The new small business finder’s exemption is intended to help small businesses use finders to raise money. It replaces ASC Blanket Order 31-505 Registration Exemption For Trades In Connection With Certain Prospectus-Exempt Distributions (known as the northwestern exemption) and provides a more targeted exemption from the dealer registration requirement for finders. The new exemption includes a number of conditions and better integrates with prospectus exemptions that small businesses in Alberta can rely on.

Details of the new exemption are set out in ASC Notice of Implementation of ASC Blanket Order 31-536, Alberta Small Business Finder’s Exemption and ASC Blanket Order 31-536Alberta Small Business Finder’s Exemption.

Board diversity up, C-suite diversity down in second year of required CBCA disclosure

Sep 02, 2021

Last year, regulations supporting the amendments to the Canada Business Corporations Act (CBCA) regarding new diversity disclosure obligations for publicly traded corporations came into force. The amendments introduced a “comply or explain” regime whereby CBCA-incorporated publicly traded corporations must disclose, among other things, whether or not they have a diversity policy for their boards of directors and senior management, if the policy includes targets for the representation of four “designated groups” (i.e., women, Indigenous peoples, persons with disabilities and members of visible minorities) and statistics on the representation of these groups.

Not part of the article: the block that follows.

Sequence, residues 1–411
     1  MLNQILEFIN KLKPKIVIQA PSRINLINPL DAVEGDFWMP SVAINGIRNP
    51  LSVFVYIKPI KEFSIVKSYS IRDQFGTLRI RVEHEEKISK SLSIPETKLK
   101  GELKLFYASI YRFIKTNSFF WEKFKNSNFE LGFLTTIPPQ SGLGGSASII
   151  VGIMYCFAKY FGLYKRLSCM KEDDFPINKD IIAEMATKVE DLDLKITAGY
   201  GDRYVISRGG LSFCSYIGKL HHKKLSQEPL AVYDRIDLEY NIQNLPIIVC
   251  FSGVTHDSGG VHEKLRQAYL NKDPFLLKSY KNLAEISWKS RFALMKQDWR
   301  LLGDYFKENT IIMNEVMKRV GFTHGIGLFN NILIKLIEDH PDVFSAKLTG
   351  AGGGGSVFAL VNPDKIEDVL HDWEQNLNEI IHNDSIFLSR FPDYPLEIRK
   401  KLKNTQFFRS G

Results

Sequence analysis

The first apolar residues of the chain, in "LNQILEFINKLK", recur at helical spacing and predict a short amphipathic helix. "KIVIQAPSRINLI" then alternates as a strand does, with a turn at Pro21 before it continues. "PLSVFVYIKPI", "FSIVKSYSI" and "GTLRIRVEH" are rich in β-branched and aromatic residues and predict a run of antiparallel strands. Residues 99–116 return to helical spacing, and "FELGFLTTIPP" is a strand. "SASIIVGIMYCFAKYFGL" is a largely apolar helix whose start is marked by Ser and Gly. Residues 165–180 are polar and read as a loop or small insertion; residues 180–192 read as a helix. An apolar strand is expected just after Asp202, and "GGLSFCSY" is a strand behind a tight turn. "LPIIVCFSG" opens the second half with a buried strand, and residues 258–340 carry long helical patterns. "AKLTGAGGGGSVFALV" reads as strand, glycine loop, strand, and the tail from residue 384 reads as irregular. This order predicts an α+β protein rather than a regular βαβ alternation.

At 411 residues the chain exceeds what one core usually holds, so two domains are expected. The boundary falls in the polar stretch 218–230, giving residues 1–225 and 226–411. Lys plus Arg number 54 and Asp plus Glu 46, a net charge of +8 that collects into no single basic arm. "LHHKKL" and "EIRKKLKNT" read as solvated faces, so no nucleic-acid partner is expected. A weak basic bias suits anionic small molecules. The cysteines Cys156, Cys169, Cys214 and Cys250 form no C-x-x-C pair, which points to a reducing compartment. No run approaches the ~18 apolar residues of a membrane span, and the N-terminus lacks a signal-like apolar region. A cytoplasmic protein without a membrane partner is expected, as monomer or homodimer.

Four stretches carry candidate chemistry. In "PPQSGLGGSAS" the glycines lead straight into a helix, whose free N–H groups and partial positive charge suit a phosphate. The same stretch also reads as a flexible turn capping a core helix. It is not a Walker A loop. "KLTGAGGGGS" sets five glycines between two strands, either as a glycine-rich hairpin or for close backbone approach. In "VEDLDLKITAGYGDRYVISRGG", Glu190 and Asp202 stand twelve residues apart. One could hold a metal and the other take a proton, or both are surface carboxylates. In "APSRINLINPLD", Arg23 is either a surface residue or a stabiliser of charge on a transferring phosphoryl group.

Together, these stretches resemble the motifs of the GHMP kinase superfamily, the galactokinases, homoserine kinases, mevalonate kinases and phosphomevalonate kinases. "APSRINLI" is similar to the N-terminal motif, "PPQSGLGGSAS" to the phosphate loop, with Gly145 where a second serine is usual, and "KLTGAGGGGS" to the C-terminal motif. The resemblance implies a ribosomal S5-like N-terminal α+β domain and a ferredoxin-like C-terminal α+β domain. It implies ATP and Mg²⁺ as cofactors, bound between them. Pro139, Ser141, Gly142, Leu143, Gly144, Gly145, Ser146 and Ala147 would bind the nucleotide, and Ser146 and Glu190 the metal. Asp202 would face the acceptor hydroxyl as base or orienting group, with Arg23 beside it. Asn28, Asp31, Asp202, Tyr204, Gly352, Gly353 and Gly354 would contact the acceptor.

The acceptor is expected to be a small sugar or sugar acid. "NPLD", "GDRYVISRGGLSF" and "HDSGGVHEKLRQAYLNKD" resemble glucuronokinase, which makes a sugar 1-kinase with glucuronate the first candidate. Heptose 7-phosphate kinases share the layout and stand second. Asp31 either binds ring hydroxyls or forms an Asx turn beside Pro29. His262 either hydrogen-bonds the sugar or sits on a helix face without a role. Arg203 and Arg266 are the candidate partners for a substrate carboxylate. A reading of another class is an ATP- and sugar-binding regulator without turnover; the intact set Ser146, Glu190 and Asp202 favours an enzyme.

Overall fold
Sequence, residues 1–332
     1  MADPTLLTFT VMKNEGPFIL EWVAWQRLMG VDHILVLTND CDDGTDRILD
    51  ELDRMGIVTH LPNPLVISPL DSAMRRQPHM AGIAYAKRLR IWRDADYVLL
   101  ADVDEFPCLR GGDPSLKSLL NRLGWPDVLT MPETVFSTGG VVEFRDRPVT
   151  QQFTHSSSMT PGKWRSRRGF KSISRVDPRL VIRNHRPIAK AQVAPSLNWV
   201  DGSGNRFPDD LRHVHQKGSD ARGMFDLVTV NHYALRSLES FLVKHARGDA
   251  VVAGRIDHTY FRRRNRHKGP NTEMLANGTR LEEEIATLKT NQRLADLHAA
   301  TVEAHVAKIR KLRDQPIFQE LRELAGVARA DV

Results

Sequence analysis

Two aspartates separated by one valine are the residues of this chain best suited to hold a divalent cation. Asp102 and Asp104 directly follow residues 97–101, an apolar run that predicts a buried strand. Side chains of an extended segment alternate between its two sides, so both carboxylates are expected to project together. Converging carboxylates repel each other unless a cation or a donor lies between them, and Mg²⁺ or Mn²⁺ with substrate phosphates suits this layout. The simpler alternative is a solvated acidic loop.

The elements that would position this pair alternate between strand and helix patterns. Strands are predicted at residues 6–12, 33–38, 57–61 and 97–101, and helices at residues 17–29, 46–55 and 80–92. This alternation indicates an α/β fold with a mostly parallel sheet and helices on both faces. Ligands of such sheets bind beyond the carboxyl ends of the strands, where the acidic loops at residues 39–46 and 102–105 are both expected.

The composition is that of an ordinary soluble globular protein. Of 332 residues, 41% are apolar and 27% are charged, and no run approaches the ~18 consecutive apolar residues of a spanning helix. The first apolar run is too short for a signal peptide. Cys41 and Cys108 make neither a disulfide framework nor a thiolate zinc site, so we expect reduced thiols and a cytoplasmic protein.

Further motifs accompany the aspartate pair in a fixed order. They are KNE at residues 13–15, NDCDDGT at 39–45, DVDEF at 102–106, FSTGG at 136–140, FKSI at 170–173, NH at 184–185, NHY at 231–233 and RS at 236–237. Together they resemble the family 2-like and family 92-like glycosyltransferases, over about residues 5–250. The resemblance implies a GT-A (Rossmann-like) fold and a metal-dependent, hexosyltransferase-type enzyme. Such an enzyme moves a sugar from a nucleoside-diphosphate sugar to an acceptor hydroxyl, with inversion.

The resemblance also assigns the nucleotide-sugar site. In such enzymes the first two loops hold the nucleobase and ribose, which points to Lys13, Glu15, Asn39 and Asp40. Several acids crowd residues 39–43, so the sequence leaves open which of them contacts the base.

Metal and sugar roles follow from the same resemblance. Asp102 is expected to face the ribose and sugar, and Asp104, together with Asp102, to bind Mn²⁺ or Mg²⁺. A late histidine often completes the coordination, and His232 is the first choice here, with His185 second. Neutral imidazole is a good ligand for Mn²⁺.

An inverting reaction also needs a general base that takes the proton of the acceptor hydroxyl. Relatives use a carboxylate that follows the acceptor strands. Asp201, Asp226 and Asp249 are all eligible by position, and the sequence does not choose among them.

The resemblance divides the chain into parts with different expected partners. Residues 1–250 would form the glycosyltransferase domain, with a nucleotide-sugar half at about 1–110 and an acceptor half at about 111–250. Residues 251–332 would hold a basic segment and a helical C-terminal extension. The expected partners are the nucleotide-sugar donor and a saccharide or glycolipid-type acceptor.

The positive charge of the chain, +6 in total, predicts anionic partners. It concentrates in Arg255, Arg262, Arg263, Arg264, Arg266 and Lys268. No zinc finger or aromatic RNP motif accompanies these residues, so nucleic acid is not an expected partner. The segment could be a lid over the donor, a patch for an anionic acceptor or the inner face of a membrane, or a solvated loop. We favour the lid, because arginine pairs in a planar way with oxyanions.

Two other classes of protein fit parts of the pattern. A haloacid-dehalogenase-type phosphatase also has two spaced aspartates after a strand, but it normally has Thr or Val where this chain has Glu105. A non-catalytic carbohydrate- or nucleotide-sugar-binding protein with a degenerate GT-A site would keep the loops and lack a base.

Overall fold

Review the article on Norton Rose Fulbright's website.

Can the SEC Make ESG Rules that are Sustainable?

Jun 22, 2021

On June 22, 2021, SEC Commissioner Elad L. Roisman made a speech at the Virtual Conference of the National Investor Relations Institute entitled, “Can the SEC Make ESG Rules that are Sustainable?”.

Noting that the Commission has increased its attention on ESG matters recently, and that the Chair of the Commission has expressed his intent to propose new disclosure requirements relating to climate change and human capital, Mr. Roisman focused on three questions during his speech:  

  • What precise items of “E,” “S,” and “G” information are investors not getting that are material to making informed investment decisions?
  • If the SEC were able to identify the information investors need, how would the SEC come up with “E” and “S” disclosure requirements—now, and on an ongoing basis? What expertise does the SEC need?
  • If the SEC were to incorporate the work of external standard-setters with respect to new ESG disclosure requirements: how would the agency oversee them—in terms of governance, funding, and substantive work product—on an ongoing basis? And what kind of new infrastructure would be required inside the SEC and at the standard-setters themselves?

Re­view the speech on the SEC's web­site.